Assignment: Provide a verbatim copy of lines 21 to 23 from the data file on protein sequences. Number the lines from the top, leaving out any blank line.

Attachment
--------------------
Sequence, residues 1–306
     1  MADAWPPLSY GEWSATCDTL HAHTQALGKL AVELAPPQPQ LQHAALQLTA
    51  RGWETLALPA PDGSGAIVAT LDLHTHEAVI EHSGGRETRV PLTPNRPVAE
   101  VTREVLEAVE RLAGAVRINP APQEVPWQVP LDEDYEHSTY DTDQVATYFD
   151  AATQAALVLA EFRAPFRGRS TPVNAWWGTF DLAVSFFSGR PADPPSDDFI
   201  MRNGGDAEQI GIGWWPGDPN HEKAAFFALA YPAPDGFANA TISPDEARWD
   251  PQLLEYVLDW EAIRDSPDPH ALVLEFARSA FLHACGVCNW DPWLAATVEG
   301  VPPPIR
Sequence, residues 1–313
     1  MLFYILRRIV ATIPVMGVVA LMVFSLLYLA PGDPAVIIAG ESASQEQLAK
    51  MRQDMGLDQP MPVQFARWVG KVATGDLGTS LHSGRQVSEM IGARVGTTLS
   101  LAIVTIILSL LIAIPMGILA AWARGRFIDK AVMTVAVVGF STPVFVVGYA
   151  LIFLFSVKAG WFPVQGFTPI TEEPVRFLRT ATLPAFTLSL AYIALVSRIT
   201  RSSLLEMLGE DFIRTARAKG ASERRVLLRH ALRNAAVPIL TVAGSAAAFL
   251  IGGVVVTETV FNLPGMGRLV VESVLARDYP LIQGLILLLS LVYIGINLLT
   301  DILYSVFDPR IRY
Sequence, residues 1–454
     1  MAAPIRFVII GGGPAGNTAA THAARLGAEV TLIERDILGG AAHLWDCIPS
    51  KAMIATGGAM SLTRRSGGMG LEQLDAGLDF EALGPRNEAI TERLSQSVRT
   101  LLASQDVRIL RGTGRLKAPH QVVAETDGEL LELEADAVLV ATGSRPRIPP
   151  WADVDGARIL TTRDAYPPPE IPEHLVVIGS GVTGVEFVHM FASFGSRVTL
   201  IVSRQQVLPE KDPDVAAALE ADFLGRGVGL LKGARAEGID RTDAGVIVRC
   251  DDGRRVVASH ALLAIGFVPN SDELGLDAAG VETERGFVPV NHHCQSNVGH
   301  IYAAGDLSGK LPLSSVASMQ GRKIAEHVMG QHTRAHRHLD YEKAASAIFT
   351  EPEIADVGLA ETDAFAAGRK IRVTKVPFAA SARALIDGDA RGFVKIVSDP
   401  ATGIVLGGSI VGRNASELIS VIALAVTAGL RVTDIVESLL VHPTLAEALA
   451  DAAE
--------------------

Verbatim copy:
   151  WADVDGARIL TTRDAYPPPE IPEHLVVIGS GVTGVEFVHM FASFGSRVTL
   201  IVSRQQVLPE KDPDVAAALE ADFLGRGVGL LKGARAEGID RTDAGVIVRC
   251  DDGRRVVASH ALLAIGFVPN SDELGLDAAG VETERGFVPV NHHCQSNVGH